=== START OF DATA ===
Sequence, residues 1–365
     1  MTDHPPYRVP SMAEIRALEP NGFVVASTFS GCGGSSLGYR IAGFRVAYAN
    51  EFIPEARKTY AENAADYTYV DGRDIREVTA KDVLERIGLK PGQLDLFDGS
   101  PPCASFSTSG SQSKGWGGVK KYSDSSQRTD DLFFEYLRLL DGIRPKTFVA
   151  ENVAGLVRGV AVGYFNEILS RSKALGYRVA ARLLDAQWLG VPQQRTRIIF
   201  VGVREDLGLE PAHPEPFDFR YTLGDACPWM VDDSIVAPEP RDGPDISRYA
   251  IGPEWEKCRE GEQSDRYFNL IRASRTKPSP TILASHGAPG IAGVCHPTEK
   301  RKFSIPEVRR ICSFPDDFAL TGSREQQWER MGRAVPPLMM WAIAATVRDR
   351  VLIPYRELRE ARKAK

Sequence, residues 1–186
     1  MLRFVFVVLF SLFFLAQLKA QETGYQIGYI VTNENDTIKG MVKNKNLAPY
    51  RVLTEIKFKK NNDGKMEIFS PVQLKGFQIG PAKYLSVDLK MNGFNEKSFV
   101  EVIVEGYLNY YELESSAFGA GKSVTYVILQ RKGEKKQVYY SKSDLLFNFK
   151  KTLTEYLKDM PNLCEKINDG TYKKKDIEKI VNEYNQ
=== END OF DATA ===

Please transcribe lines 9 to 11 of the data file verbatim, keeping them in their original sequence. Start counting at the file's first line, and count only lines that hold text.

   351  VLIPYRELRE ARKAK

Sequence, residues 1–186
     1  MLRFVFVVLF SLFFLAQLKA QETGYQIGYI VTNENDTIKG MVKNKNLAPY